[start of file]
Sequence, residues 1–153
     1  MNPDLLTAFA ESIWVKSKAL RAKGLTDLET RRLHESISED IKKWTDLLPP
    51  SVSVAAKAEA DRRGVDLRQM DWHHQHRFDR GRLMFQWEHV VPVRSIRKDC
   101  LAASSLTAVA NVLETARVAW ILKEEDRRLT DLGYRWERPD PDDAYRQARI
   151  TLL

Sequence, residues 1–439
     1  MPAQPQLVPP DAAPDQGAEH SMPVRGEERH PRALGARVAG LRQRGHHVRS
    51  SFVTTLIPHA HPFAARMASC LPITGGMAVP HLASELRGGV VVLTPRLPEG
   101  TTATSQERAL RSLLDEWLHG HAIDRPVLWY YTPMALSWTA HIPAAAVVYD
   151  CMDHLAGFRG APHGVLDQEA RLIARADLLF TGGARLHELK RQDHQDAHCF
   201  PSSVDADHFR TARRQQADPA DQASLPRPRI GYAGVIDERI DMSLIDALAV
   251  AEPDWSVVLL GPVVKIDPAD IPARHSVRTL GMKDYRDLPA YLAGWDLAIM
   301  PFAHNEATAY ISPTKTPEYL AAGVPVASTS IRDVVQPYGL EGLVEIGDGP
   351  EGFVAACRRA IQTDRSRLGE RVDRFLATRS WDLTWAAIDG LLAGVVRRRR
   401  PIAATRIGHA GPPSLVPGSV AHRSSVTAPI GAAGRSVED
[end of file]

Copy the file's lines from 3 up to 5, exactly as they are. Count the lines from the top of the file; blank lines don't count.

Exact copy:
    51  SVSVAAKAEA DRRGVDLRQM DWHHQHRFDR GRLMFQWEHV VPVRSIRKDC
   101  LAASSLTAVA NVLETARVAW ILKEEDRRLT DLGYRWERPD PDDAYRQARI
   151  TLL